Are new parental leave laws flexible enough for today’s working parents?

As provinces move to bring job-protection legislation for parental leave in line with Ottawa’s Employment Insurance initiative, questions are cropping up.

The legislation allows new mothers to leave the workforce for up to one year and be assured of a job when they come back.

Is the new legislation realistic for today’s workforce? Not for senior managers, says Steve DeForest, manager of compensation and employee practices for Siemens Canada Limited.

“It’s great legislative protection for people to be able to take the leave but I don’t think it aligns to the pace of today’s workforce — how fast people have to go to keep up and to keep their skills up,” says DeForest, who also teaches a benefits administration course at the University of Guelph. “I think they’ve presented an incredible challenge for senior professional women: How do you take advantage of a legislated right of leave for a year and not have it affect what your job is when you come back?”

Last month, Newfoundland and Ontario extended job-protection legislation for parents of new or newly adopted children.

The legislation brings the two provinces in line with recently amended federal legislation. Nova Scotia, British Columbia and Quebec previously extended parental leave, and employees subject to the Canada Labour Code are also protected.

At lower levels the legislation may come as a welcome relief. But at senior levels, it is probably unrealistic to expect that a mother could leave the workforce for a year and come back to the same job she left.

And, says DeForest, it’s unrealistic to expect a company to hold the job that long, only to hand it over at the end of a year to an employee whose skills are now a year out of date.

“It’s almost like we hit a point where the legislation went one place and work practice went another,” he says.

“It would be awfully difficult for a piece of legislation to protect your job. I can see guarantees of a job, but I’m not sure how you can legislate organizations to slow down.”

While the parent is bonding with the new child, the workforce is continuing on at its usual formidable pace. Workers are being trained. New work processes are being implemented. Technology is changing and being deployed. All this, while the at-home worker’s professional skills remain virtually stagnant.

“How do you make it workable for senior level professionals, managers, executives, who are having kids... they’re trying to balance the ability to take leave for a year against being out of a job stream or a career path for a year.”

One way to make it more workable, says DeForest, is to consider amending the Employment Insurance Act to allow for part-time work during parental leave.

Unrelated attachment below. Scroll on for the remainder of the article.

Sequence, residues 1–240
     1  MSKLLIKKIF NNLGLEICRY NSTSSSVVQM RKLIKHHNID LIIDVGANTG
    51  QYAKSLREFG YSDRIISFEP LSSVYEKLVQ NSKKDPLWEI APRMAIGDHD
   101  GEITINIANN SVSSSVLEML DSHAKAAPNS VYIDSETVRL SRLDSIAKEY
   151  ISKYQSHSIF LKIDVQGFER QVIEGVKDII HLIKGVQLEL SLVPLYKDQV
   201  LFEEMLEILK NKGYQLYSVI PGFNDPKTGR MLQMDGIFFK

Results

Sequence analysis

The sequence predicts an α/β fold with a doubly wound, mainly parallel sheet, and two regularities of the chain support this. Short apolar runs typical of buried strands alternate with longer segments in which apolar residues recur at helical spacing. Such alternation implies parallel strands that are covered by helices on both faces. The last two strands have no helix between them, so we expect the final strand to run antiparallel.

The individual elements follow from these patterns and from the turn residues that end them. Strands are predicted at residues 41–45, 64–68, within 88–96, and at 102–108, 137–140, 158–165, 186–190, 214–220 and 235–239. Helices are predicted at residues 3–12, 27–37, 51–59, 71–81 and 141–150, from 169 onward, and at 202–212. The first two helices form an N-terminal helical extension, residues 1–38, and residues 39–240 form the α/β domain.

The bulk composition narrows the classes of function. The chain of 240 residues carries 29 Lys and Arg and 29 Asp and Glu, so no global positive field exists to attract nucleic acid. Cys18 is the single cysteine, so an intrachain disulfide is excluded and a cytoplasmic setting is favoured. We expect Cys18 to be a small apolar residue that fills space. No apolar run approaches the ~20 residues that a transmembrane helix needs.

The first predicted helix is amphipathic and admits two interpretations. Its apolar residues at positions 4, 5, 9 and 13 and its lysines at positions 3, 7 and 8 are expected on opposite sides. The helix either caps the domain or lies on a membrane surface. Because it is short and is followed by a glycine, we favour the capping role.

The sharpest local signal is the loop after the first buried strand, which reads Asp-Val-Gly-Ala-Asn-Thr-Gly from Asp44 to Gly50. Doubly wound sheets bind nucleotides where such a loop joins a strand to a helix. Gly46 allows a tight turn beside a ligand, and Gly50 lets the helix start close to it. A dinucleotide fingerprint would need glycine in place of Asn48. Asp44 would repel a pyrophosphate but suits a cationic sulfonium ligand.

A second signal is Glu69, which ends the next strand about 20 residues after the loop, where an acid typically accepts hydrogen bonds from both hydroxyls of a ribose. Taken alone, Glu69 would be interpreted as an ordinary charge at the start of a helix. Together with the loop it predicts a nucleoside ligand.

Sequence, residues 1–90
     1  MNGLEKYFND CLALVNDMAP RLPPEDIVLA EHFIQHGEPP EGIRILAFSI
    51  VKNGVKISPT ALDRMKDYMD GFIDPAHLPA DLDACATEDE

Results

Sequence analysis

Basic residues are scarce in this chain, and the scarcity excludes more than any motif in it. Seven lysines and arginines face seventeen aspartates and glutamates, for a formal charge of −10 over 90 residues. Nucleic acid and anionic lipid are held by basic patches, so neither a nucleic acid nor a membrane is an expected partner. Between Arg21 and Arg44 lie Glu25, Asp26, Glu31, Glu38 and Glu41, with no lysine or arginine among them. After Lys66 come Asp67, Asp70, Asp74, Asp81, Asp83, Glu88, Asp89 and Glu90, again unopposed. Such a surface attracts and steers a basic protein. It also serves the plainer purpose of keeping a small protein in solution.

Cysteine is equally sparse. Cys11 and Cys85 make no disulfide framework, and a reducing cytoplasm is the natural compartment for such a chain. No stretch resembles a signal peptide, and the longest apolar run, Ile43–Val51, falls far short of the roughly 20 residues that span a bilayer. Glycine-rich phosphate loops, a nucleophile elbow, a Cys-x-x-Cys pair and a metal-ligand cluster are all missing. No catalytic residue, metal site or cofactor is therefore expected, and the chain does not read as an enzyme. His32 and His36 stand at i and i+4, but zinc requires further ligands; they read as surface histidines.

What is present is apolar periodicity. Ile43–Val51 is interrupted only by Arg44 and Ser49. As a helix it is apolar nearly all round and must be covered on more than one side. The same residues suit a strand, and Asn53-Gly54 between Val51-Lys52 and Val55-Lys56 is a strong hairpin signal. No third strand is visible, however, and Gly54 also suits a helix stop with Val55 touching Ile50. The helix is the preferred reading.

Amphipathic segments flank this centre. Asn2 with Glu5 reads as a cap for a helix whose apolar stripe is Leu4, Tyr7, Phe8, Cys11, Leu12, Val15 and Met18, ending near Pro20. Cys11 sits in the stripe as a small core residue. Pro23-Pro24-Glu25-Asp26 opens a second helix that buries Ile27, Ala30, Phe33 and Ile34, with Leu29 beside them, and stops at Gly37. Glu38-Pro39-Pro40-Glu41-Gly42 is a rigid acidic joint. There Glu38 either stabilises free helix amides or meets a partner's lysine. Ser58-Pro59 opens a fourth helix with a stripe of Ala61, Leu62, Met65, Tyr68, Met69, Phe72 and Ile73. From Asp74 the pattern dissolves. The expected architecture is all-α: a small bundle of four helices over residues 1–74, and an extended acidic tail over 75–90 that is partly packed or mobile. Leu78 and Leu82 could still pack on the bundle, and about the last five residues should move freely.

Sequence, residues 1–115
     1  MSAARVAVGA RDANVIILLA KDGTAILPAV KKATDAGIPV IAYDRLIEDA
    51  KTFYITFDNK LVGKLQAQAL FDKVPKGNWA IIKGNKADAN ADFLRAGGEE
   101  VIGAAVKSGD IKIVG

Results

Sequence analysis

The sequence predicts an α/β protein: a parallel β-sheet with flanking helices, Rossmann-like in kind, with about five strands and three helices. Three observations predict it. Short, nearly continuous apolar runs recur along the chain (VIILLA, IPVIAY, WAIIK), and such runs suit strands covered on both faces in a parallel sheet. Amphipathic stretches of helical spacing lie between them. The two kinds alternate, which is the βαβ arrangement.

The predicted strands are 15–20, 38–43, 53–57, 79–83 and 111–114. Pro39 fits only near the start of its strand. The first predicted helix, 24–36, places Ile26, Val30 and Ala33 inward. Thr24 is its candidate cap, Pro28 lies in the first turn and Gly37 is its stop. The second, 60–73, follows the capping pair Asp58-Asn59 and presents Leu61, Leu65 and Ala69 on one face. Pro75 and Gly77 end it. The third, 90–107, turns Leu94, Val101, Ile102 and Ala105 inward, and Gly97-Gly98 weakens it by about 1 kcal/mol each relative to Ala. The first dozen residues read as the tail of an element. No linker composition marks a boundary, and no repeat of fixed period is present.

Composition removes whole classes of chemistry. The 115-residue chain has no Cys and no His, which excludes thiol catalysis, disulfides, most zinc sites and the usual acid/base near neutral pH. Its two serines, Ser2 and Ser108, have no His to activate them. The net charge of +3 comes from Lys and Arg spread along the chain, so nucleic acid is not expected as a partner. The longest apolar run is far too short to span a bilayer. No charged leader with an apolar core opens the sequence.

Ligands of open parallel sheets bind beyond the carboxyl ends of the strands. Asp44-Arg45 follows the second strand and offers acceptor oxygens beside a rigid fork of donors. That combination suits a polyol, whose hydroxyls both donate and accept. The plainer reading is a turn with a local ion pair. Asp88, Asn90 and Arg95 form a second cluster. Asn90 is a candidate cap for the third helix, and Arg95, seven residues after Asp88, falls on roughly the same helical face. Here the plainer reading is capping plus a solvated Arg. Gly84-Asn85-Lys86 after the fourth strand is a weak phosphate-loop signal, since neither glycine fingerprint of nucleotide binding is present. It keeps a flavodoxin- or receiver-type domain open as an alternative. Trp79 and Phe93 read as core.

If parents could work half-days during their leave and still collect EI benefits during the half days they’re not working, people could spend quality time with the new family addition without being out of the loop at work.

Currently, EI benefits are affected when parents earn anything beyond a certain level.

“(The government) would end up paying the same amount of money on EI but it would allow people to have a flexible work arrangement,” says DeForest.

Details of parental leave

Under the federal Employment Insurance Act, parents of children born on or after Dec. 31, 2000, are entitled to 35 weeks of parental benefits and mothers are entitled to 15 weeks of maternity benefits. There is a two-week waiting period for EI benefits, not included in these numbers. Parental leave legislation also applies to adoptive parents.

Parental leave comprises two elements:

1) Employment Insurance benefits. This is the money — approximately 55 per cent of average weekly insurable earnings –- that is paid by the federal government during the 52 weeks of leave (applicable to parents whose children are born after Dec. 31 of this year). This includes a two-week “waiting period” during which no money is given. These benefits are granted by the federal government. In all provinces, parents are eligible to receive these benefits as long as they meet the criteria spelled out in the legislation.

2) Job protection. Each province decides, individually, how long parents can stay at home and still be assured of a job when they return to work. Federal government employees and people working in federally regulated businesses are guaranteed 52 weeks of job protection. Newfoundland, British Columbia, Nova Scotia, Quebec and now Ontario are the only provinces that have leave protection that matches federal benefits.

Ontario labour legislation

The Ontario legislation is expected to be passed into law by the end of this month. It will increase job-protected leave to 52 weeks in order to align with the federal benefits.

The changes come as part of a host of changes to Ontario’s Employment Standards Act. (For more information, visit www.gov.on.ca/LAB/main.htm.)

Who gets what?

Here’s a summary of parental leave benefits across Canada.

Federal:

The Canada Labour Code provides 52 weeks of job protection to federal government employees as well as employees in federally regulated industries such as banking. However, it is up to the provinces to extend leave protection to other workers.

Newfoundland, Nova Scotia, British Columbia, Quebec and Ontario:

These provinces have amended or are in the process of amending their codes to align with the federal code providing 52 weeks of job protection.

All other:

No other provinces have amended their paternity leave allowances.

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